The work that was done in 2012 did not end up leading to any stabilizing conservation at that time, and thus the painting was left in the collections. But as we know time marches ever on, and the painting has since required more attention. The fact that the painting and frame are in need of restoration should come as a surprise to none as it is close to 220 years old. Such an aged painting with such a historic subject certainly deserves conservation in order for future generations to view and learn from it. Thus, in late 2017 the painting was sent away for restorative work.

Here the painting is shown under UV examination. 
The blue areas indicate layers of original varnish.

But before we get into the details of this restoration let us first discuss a key term. In this context, conservation refers to the restoration of a work of art in such a way that the essence of the painting is not lost, nor has its original style been altered. Conservation work is all about diagnosing deterioration issues and remedying them in a way that will cause the least amount of future stress. This task requires a professional with extensive knowledge of art history as well as a chemistry background in order to best analyze and make decisions based on a painting’s past, present, and future. Now that we understand the goal of art conservation let’s get into the details of the conservation report and what was done to restore Washington and his Family. 

After the use of various techniques designed to determine condition and past restorative actions, the painting was removed from its frame and lightly cleaned with a natural enzyme meant to eliminate built up dirt and grime. It was then rinsed with distilled water and sprayed with acryloid B-72, which is a flexible, non-yellowing varnish commonly used in restorative work. The back was dust vacuumed and the green duct tape applied in the late 1960s was removed. Next, a technique called inpainting was utilized to touch up areas where paint had flaked away over time. This technique aims to be true to the original artist’s painting style and to seamlessly integrate with the artwork.  Another layer of adhesive varnish was applied and the painting was rinsed again.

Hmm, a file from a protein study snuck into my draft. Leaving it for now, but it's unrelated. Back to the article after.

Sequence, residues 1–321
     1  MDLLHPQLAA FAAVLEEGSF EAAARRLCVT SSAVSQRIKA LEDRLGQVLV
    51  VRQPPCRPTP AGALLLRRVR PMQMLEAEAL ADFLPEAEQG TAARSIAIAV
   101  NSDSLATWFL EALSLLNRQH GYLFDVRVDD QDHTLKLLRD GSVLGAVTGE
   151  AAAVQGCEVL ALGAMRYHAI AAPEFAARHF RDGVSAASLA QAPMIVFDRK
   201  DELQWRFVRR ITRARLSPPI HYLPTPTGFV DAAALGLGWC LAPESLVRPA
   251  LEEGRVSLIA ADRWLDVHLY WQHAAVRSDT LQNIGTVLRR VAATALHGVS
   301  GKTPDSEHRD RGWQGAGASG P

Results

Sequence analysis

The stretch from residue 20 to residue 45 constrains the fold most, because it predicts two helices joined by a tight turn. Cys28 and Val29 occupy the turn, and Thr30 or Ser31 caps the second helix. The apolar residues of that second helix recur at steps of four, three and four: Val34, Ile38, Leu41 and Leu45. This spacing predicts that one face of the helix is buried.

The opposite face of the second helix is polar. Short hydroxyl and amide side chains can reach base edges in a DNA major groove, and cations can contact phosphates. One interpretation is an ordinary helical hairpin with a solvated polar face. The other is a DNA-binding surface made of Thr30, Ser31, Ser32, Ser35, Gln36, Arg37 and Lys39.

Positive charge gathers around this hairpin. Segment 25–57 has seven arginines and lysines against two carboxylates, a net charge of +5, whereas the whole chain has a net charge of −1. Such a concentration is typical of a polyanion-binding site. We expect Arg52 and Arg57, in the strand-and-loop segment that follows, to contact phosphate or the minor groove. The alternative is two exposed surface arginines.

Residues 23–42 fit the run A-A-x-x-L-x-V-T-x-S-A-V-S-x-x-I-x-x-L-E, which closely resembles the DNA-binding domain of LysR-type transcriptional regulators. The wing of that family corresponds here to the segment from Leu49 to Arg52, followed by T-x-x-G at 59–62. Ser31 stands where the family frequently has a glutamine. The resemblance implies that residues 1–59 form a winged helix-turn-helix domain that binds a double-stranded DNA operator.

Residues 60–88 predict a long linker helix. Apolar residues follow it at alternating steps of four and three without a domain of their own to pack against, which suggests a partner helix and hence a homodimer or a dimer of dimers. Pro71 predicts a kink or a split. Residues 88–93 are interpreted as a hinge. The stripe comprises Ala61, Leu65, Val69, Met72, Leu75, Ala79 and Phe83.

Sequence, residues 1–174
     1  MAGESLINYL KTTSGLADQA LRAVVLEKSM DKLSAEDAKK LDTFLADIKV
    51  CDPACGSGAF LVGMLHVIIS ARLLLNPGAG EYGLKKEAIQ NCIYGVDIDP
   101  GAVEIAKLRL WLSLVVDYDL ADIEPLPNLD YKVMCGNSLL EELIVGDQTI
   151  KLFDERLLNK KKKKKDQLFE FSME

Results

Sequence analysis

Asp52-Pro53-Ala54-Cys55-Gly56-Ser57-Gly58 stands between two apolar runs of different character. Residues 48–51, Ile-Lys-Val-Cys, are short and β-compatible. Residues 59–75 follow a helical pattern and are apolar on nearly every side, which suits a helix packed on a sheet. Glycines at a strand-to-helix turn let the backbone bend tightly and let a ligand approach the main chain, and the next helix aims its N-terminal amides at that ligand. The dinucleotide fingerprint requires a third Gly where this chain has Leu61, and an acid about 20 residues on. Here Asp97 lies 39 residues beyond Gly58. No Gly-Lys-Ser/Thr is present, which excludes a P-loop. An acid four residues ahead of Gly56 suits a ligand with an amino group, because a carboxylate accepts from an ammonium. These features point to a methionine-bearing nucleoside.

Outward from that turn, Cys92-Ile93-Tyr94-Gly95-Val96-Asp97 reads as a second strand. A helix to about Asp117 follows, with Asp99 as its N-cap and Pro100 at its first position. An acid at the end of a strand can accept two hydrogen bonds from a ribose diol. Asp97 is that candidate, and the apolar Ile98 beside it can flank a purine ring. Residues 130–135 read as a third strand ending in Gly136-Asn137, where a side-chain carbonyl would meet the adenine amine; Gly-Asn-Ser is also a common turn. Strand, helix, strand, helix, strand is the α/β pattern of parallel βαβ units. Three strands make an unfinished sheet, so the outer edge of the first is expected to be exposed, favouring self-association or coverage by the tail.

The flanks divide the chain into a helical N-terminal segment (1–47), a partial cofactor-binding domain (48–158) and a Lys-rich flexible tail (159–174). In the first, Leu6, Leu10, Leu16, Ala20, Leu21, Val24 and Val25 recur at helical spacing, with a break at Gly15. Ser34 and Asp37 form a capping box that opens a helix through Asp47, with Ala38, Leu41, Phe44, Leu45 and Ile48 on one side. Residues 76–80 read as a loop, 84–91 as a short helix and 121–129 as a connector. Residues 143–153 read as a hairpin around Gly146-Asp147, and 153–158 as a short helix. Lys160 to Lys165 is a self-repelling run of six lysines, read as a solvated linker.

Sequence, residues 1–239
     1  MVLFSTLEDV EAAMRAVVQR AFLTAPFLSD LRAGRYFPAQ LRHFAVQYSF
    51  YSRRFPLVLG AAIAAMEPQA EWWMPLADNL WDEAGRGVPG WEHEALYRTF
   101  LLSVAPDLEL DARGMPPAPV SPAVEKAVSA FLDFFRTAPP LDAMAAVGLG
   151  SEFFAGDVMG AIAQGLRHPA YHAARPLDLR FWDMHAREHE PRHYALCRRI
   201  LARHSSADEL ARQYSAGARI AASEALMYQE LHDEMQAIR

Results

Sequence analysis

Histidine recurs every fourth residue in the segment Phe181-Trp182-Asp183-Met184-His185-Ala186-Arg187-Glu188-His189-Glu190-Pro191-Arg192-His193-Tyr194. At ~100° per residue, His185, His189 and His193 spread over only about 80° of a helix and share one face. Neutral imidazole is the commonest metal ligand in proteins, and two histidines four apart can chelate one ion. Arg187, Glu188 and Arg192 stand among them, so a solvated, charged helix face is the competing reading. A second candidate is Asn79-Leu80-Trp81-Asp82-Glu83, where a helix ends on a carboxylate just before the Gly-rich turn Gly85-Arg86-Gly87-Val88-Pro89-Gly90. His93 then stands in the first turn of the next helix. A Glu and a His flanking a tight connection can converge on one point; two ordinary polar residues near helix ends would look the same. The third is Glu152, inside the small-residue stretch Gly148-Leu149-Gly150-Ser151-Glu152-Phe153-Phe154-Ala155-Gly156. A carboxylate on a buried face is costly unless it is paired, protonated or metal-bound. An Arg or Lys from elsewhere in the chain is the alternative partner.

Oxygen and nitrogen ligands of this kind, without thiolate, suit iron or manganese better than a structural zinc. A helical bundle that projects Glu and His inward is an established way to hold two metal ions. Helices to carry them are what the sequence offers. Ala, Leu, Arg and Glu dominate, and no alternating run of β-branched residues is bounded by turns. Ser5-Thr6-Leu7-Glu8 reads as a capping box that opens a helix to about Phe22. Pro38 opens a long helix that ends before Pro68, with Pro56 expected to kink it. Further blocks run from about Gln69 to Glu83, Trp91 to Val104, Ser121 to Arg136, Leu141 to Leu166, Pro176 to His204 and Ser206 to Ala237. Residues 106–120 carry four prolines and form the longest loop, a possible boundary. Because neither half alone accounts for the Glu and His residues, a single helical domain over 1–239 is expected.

Close up of the frame before conservation.

As for the frame, which, of the two components was in worse condition, the same adhesive spray used on the painting was used here to fix parts of the frame that were lifting and broken. MNHP had sent the painting away with a small bag of bits that had fallen off, and through the course of the condition report it was determined that many came from past restorative work. Therefore, only broken pieces that were original to the frame itself were reapplied. Inpainting was done to the gold finish of the frame and all hanging hardware was replaced.  As the old label was falling off it was removed and placed in a Maylar envelope and reattached to the back. Once the cleaned painting was reframed it was returned to us here at MNHP. Finally it was securely placed in our artwork collection storage.   

The newly conserved painting.

Conservation is vital to the continued display of a painting as well as its continued use as a historic artifact from which we can glean knowledge from the past. It is how we preserve the only images that we have for future generations to enjoy. 

This blog entry by Pamela Russo, Fairleigh Dickinson University.

Tuesday, February 27, 2018

Meet the Interns

This spring we are grateful to have three scholars from Fairleigh Dickinson University join us! We have wasted no time getting them acclimated to museum life. In addition to their individual projects, Pamela, Nicholas, and Amanda are helping with social media and blogging, our Skype program, and they even worked as docents for our Discover History Center grand opening!